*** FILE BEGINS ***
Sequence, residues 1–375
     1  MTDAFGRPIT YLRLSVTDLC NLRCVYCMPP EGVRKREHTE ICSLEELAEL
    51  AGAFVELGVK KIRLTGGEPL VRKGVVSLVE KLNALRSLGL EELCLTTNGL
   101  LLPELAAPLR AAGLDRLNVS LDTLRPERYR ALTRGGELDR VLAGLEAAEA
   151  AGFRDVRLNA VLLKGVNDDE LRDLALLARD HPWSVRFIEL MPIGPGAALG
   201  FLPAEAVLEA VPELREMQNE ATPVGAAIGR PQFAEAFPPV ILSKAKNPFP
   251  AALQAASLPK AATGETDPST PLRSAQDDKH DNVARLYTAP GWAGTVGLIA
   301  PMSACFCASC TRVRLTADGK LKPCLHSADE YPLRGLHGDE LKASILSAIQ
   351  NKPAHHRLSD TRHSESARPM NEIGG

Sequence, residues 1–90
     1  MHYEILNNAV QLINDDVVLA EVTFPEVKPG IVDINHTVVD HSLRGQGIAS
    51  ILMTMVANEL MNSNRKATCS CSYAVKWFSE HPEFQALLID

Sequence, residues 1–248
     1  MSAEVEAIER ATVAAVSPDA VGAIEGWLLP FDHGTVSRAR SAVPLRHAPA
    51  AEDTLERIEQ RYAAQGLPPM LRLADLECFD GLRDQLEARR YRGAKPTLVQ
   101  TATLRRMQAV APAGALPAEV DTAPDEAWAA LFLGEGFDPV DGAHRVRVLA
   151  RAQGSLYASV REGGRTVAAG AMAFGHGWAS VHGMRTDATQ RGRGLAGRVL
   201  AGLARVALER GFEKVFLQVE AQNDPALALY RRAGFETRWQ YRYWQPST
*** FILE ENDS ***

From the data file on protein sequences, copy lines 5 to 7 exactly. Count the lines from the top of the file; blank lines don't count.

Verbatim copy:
   151  AGFRDVRLNA VLLKGVNDDE LRDLALLARD HPWSVRFIEL MPIGPGAALG
   201  FLPAEAVLEA VPELREMQNE ATPVGAAIGR PQFAEAFPPV ILSKAKNPFP
   251  AALQAASLPK AATGETDPST PLRSAQDDKH DNVARLYTAP GWAGTVGLIA